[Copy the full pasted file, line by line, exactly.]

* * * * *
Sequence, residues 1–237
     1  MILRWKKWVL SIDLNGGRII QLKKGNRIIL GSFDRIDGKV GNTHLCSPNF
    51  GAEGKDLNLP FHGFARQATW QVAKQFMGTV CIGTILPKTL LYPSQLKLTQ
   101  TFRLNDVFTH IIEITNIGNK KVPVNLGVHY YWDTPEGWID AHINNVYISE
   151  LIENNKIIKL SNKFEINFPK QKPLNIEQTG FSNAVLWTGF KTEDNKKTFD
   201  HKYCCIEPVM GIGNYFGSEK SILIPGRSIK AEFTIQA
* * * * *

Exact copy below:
Sequence, residues 1–237
     1  MILRWKKWVL SIDLNGGRII QLKKGNRIIL GSFDRIDGKV GNTHLCSPNF
    51  GAEGKDLNLP FHGFARQATW QVAKQFMGTV CIGTILPKTL LYPSQLKLTQ
   101  TFRLNDVFTH IIEITNIGNK KVPVNLGVHY YWDTPEGWID AHINNVYISE
   151  LIENNKIIKL SNKFEINFPK QKPLNIEQTG FSNAVLWTGF KTEDNKKTFD
   201  HKYCCIEPVM GIGNYFGSEK SILIPGRSIK AEFTIQA